Wednesday, May 07, 2008

Number crunch

Credit crunch has been in the news lately, which has got me thinking. And noticing just how many offers I get, all with the thrilling prospect of being able to owe banks some money.

There are many different strategies, but all are desperately urgent and equally simpering to please. Perhaps this is just what you get with being an adult and having a mortgage (and being good for a loan of some £¼ million). But this is what I've had in the last lunar cycle:
  • 1 April
    Barclaycard send two blank cheques with a maximum total value of five grand. "Streamline your finances" says the accompanying letter, by paying off "outstanding credit or store card balances to your Barclaycard."

    "It couldn't be easier," they continue, "to take advantage of this great offer", where the solution to not keeping up with your myriad debts is to, er, borrow more money. I am reminded of my post last year on business buzzwords.


    Verb. Have sex with.

  • 3 April
    Black Horse personal finance tells me I have "been specially selected by Black Horse for a limited offer Priority Loan. We've set aside an amount of £7,575 especially for you. This offer is only available for a short time - so don't miss out on this opportunity. To activate your Priority Loan call us today - it's that easy to apply."

    It says the magic number £7,575 another couple of times on the letter, and in big letters, too, for the hard of cogitating. What's more, "because our loans are available up to £15,000, you could borrow more if you need it."

    So why are they only tantalising me with about half what they could offer? I feel rather slighted.

    "Enjoy affordable repayments" it also says in bold letters. Yes, because it's such great fun, being technically able to keep off the bailiffs!
  • 9 April
    MBNA offers a credit card by which I might "spring clean" my finances. How seasonal! It's like the first chapter of Wind in the Willows! They don't do anything so unromantic as name actual cash figures, but the small print says there's a cash limit of £50,000 - though they'll dictate all the terms. In fact, there's so many conditions they have to provide a separate leaflet. Obviously no catches there!
  • 11 April
    Barclaycard again! And I could have "Cash in just 4 working days" - well, they admit that it could be in your account in that time - from £1,000 to £25,000.
  • 12 April
    British Airways have sent me a credit card. A real plastic one, stuck to a letter. Only it says in small print on the side, "This is not a Real Credit Card". But being able to see what the actual card looks like sure helps me decide whether it's a good offer.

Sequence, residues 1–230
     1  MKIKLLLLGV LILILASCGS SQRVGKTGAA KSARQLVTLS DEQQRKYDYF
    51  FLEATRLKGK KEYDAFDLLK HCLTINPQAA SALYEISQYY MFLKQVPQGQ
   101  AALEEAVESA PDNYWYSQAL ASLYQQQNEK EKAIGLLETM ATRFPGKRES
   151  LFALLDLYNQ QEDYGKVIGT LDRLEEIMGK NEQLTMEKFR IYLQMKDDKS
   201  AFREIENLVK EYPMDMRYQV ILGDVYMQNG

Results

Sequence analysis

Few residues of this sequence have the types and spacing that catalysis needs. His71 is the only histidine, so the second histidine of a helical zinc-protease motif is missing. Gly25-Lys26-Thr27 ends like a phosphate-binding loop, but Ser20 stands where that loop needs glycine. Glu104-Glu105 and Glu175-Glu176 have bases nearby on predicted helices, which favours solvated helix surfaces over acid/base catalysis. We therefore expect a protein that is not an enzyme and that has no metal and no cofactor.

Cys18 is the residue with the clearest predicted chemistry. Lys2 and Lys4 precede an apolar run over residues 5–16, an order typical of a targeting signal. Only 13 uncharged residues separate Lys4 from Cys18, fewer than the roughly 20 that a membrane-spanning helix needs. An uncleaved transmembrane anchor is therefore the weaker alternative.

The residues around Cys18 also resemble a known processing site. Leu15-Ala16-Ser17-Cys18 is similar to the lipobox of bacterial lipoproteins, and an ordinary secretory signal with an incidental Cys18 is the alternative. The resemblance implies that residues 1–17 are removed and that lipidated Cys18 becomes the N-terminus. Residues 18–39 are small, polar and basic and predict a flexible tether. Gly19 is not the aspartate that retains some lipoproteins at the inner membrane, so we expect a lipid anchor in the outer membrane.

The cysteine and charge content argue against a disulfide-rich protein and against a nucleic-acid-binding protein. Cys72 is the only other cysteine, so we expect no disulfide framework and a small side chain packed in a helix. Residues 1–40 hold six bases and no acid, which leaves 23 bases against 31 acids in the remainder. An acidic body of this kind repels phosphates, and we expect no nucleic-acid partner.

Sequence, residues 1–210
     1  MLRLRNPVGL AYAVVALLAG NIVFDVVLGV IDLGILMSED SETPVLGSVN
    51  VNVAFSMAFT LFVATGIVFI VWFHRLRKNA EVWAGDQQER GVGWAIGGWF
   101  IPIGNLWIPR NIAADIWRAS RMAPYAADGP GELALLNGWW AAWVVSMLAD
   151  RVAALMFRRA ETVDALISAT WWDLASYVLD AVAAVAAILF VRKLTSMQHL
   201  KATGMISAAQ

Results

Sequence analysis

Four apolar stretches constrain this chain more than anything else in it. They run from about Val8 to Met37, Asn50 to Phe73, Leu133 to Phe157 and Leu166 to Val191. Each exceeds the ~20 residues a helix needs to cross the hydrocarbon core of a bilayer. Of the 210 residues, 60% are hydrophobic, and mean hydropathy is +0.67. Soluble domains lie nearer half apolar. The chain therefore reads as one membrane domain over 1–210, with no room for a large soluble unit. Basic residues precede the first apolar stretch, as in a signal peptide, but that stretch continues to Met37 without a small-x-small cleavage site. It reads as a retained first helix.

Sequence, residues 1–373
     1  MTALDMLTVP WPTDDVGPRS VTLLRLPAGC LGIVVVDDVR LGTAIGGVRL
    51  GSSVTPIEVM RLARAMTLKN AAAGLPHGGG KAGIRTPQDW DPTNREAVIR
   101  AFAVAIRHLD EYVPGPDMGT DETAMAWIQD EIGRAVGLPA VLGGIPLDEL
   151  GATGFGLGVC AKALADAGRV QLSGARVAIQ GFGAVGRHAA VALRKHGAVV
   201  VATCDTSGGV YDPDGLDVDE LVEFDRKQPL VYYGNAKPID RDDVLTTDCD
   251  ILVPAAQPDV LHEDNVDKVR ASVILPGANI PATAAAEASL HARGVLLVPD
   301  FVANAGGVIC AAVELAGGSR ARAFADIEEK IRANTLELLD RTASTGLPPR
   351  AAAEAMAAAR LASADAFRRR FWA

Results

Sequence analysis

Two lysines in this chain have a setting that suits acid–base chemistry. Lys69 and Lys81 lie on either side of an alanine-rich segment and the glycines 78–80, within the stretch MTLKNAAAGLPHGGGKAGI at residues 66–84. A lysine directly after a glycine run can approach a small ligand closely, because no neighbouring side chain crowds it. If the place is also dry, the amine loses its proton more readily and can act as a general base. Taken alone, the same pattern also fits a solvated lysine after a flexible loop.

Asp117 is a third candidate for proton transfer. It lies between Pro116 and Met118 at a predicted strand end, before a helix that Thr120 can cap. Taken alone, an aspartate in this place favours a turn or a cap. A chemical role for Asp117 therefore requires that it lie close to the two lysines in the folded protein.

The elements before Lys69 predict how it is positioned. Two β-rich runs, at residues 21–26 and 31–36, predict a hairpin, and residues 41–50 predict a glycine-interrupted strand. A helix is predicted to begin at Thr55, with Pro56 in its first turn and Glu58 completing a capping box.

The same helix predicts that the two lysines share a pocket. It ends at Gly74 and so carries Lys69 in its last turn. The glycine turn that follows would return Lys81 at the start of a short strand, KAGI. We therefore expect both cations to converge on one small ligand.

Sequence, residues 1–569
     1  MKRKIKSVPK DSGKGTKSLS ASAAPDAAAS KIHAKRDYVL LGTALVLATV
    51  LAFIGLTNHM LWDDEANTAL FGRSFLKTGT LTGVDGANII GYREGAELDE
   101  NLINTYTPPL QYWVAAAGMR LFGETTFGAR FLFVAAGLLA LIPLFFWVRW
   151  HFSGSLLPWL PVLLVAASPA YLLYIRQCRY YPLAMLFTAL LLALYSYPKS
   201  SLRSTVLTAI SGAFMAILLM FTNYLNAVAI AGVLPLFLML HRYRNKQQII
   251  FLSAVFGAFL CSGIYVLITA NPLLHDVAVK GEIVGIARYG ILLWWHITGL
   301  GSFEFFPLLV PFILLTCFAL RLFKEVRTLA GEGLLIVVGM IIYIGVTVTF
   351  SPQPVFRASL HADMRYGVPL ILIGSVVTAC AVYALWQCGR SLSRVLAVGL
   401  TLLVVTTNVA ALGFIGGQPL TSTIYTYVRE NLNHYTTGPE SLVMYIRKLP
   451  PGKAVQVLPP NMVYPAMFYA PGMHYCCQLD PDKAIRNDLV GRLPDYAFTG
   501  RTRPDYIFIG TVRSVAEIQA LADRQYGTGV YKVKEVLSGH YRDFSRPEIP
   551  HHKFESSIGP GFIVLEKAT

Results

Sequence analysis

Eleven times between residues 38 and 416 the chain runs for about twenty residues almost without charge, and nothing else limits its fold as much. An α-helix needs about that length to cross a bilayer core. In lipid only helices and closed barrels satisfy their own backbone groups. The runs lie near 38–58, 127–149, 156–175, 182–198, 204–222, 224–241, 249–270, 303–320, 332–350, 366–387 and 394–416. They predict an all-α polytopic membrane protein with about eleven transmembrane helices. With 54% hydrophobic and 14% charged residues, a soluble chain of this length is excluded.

• 15 April
    Black Horse again, with a loan to help "Put your plans into action - now!" And they feel snubbed I've not been in touch. "We recently wrote to you with a loan offer - if that amount wasn't right for you there are different amounts available ... Only you know what you want a loan for - here are some suggestions, what did you have in mind."

    They then suggest a garden makeover (£5,050), a dream kitchen (£7,575) and - the jackpot - a chance to spring clean my finances (£10,050). They're oddly precise figures, aren't they? Especially when I don't have a garden.
  • 20 April
    Lloyds TSB this time, not Black Horse at all. And apparently "£5,000 is ready and waiting for you...". Note the suggestive glance of that slutty ellipsis. "Approval on a loan is less than 30 minutes" they explain - because of course I'm the one rushing to get this signed. In fact, I'm so in a hurry I might not notice the huge great box-out, that "Typical 17.9% APR".
  • 1 May
    Barclaycard again. Word for word the same letter as 1 April with those two sultry cheques. Just in case I've changed my mind.
So in total, in one calendar month I've been offered somewhere between £23,575 (just short of the UK's average annual wage - £23,700 according to the BBC) and £105,000 (more than four times' that).

What is the solution? Well, first there's the Mailing Preference Service. But it can take months and it doesn't always work (Black Horse uses slight variations of my address which, I think, worm round the system). And anyway, the sharks themselves have provided the means of delivery.

There are prepaid envelopes with most of these letters. Prepaid, because the bank has to pay up to the Post Office if the envelopes are used. So you tear up the terms and conditions on the offer, stick them in the envelope, and post them back to the bank.

Petty? Well, yes and no. Because if enough people do it, the cost of sending this rubbish is too much to make it worthwhile. At least that's what I tell myself as I giggle fiendishly at the post box.


Anonymous said...

How about the George Best Bank

Need to spunk your money up a wall on hookers and blow ?
Borrow 10K today at a stupidly low APR of only 23%.
Now you are not stupid are you, no, good. Then sign at the bottom like a good fellow otherwise we might have to send round big Dave for a quite word.

Your internal organs may be repossessed if you dont keep up repayments.

ps my spell check asks "spunk, do you mean UK?"

pps sorry for the filth

Pete Kempshall said...

Oh, now *that* is a good plan. I take my Internet Hat off to you.

And after this sultry ellipsis, I'm off to the post box ...

Le Mc said...

Well, that was different. But no less true.

Keith Ramsey said...

I've been sending junk mail back in the prepaid envelopes for years, but I've got a nagging sense of doubt about whether it's really a good idea, because I suspect that without the money that the Post Office makes from delivering all that rubbish the cost of sending letters would increase dramatically.

0tralala said...

Thanks for the comments. I have a post on the Post Office perculating in my brain...